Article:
Roasted Beet Inspiration from Pasta Sfoglia
When I saw this gorgeous dish of Farro Spaghetti, Beets, Brown Butter, and Poppy Seeds featured on Grub Street New York a few weeks ago, it was so beautiful it hurt my heart a little.
A recipe from Pasta Sfoglia, a new cookbook by Ron Suhanosky and Colleen Marnell-Suhanosky (owners of the acclaimed Italian restaurant Sfoglia, with locations in NY and Nantucket), this dish is striking with its ruby red stain and specks of poppy seeds.
The book explains that beets, together with poppy seeds, are typical in dishes of the northern Italian regions of Friuli and Alto Adige. While the combination sounds wonderful -- really, I can't wait to try the recipe word for word -- I didn't have poppy seeds on hand and I wasn't ready to commit to all that butter for a simple weeknight meal. Oh yes, and then there was that pesky aversion to goat cheese I have. (I know, first the butter, now this? Please hold the hate mail, I do love flavor, I promise you.)
And so, the bastardization of Pasta Sfoglia's recipe began.
Instead of covering the beets in olive oil and water to roast in a baking dish like they suggest, I went with my tried and true, easy method of wrapping the beets in foil and roasting them on a baking sheet. A little less mess and 1/4 cup less olive oil.
I couldn't find farro spaghetti, but I did have some whole wheat spaghetti in the pantry. A tip for anyone who has ever tried whole wheat spaghetti and hated it, try Barilla's Plus Multigrain Pasta. Unlike many other brands of whole grain pasta, it doesn't taste like cardboard. The texture and flavor are surprisingly similar to regular pasta. Especially in this dish where the color and accompanying ingredients are so spectacular, you won’t even notice the difference.
Barilla Plus Multigrain Spaghetti
For the brown butter sauce, I cut down the 6 tablespoons of unsalted butter to only 3 tablespoons, and made up for the missing half by adding 3 tablespoons of olive oil.
Instead of poppy seeds, I used walnuts chopped finely.
Instead of goat cheese, I used Boursin. Its creamy texture was a good match, as was its tangy, rich flavor. The perfect substitute I thought, with an extra boost of garlic and herb flavoring, and not a trace of the gaminess I find so deterring in goat's milk products.
In the end, despite my changes and substitutions, I think the essence of the dish remained intact to Sfoglia's original recipe. The flavor of the roasted beets is front and center. And what an elusive flavor to describe that is. What does a beet taste like? (Besides red).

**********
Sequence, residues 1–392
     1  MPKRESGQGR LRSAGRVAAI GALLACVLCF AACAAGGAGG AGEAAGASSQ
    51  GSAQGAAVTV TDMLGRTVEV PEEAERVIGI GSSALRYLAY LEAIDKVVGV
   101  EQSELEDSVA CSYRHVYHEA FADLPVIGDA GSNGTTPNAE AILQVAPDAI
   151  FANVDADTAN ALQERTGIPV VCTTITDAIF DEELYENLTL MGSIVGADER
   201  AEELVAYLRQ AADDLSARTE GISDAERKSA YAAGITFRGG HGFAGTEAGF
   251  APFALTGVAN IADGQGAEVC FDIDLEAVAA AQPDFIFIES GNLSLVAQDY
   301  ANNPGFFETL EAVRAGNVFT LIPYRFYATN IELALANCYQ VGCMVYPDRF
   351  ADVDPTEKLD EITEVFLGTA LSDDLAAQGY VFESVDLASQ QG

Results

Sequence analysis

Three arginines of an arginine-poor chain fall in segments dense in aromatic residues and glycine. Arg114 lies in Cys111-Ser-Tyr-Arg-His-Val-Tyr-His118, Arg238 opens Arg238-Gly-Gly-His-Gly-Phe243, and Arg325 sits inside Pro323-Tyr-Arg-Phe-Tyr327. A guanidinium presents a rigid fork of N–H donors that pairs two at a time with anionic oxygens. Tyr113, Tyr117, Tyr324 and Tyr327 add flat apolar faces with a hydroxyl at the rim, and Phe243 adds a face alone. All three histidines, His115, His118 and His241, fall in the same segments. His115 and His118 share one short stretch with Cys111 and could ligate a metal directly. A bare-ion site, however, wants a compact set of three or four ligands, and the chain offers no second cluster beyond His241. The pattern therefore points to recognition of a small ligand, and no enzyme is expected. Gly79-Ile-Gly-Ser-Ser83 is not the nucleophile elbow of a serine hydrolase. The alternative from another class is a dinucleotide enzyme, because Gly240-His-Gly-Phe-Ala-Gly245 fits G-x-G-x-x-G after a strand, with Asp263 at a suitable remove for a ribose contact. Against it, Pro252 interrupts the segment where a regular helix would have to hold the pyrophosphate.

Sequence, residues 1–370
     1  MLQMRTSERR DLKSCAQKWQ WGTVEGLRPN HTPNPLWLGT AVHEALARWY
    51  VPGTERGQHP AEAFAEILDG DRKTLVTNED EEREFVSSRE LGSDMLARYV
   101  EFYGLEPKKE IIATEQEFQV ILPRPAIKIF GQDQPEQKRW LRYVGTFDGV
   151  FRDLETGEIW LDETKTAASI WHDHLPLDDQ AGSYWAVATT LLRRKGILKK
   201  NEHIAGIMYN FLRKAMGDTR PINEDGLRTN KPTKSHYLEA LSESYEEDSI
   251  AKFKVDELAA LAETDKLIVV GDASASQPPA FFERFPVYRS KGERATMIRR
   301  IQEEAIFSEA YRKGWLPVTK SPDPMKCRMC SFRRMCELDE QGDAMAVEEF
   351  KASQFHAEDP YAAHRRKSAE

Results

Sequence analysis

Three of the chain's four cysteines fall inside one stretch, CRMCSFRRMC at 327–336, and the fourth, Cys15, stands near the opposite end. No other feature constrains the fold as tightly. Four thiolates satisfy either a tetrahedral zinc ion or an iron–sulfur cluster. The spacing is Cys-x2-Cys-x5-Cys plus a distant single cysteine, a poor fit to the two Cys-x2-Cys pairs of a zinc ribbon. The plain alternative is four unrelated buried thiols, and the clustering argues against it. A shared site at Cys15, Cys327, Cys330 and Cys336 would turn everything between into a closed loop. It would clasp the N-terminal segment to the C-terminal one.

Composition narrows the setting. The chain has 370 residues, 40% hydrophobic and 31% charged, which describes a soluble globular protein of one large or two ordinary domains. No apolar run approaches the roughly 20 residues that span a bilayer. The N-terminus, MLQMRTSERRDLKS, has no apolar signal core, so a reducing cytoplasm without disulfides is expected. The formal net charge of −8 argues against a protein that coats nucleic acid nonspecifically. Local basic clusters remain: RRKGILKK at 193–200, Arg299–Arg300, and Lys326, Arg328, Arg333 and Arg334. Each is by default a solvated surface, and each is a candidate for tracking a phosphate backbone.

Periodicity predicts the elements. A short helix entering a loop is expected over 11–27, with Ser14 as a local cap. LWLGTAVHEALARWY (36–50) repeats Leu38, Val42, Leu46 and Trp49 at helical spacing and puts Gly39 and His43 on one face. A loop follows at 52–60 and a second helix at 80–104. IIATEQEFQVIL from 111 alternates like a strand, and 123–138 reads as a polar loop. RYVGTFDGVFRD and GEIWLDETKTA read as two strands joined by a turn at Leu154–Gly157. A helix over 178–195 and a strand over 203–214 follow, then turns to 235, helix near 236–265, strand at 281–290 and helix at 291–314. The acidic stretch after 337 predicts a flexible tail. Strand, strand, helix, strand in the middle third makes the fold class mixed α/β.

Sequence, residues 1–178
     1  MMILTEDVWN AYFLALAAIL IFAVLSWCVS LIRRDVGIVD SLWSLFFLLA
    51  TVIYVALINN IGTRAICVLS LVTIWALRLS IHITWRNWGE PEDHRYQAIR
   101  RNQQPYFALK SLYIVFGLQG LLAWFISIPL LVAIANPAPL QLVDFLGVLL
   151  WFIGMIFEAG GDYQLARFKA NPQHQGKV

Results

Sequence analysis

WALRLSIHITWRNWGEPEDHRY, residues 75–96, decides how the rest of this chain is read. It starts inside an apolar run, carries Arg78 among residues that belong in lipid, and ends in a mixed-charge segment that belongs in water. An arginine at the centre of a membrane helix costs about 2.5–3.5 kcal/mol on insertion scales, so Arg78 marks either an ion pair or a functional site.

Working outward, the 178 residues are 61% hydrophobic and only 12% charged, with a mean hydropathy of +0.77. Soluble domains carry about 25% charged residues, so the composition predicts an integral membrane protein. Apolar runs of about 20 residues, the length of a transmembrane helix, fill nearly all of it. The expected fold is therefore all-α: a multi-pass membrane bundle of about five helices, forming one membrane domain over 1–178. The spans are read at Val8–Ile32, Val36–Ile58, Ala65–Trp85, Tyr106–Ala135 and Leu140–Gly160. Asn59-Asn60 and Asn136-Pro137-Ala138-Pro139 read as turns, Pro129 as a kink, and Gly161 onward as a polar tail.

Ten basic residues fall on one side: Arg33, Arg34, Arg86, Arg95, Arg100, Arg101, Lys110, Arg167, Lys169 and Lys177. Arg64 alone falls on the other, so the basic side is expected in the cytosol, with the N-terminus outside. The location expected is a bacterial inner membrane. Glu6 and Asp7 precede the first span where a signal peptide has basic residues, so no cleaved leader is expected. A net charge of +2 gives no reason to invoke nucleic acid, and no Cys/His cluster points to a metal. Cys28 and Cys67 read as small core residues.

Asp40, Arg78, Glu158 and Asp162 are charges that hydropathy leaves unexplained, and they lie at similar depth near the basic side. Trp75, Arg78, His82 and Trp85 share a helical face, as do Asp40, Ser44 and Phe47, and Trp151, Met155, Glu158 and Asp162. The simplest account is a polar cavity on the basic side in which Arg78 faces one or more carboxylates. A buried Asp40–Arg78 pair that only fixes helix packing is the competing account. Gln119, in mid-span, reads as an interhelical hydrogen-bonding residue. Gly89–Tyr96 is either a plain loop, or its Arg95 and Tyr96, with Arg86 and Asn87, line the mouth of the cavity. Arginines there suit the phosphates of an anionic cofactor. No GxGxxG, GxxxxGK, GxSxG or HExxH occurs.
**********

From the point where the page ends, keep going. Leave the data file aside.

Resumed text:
It is clean and earthy. Mellow. Wholesome. Paired with the herby tang of the cheese, the toasted walnuts, and brown butter, the dish exudes a woodsy warmth to it. Strong oak trees, sun speckled leaves, and rich dirt crumbling through my fingertips.
Whole Wheat Spaghetti with Beets, Brown Butter, Walnuts
Adapted from Ron Suhanosky and Colleen Marnell-Suhanosky's recipe for "Farro Spaghetti, Beets, Brown Butter, Poppy Seeds" (Pasta Sfoglia).
1 pound red beets, cleaned with leaves and stalks removed
1 package Barilla Plus Multigrain Spaghetti (14.5 oz)
3 tablespoons unsalted butter
3 tablespoons olive oil
¼ cup walnuts, finely chopped
1 teaspoon kosher salt
½ cup pasta water
4 tablespoons Boursin cheese
1. Preheat the oven to 450°F. Wrap the beets in foil and place on a baking sheet. Roast for an hour until the beets are tender through. Let cool until you can handle them.
2. Bring a large pot of salted water to a boil.
3. Peel the beets and cut into chunks. Tip: wear gloves or place a plastic baggie over your hand to protect your fingers from getting stained. Using a paring knife, peel the skin off the beets. It should come off easily.
4. Add the beets to the bowl of a food processor fitted with a metal blade and process to a rough puree. Add the spaghetti to the boiling water and cook according to the package directions.
5. Add the butter to a 10-inch skillet. Turn on the heat to high. Brown the butter, about 2 minutes. Add the olive oil. Add the chopped walnuts and toast for 1-2 minutes (be careful not to burn). Add the pureed beets, salt, and the ½ cup pasta water to the skillet. Stir to fully incorporate.
6. Use tongs to remove the spaghetti from the pot and place them directly into the skillet with the sauce. Stir to combine.
7. Divide the spaghetti into equal portions and place on warm plates. Use two large soup spoons to form little oval mounds (called quenelles in culinary speak) of the Boursin. Place a quenelle of Boursin on top of each serving.
8. Serve immediately.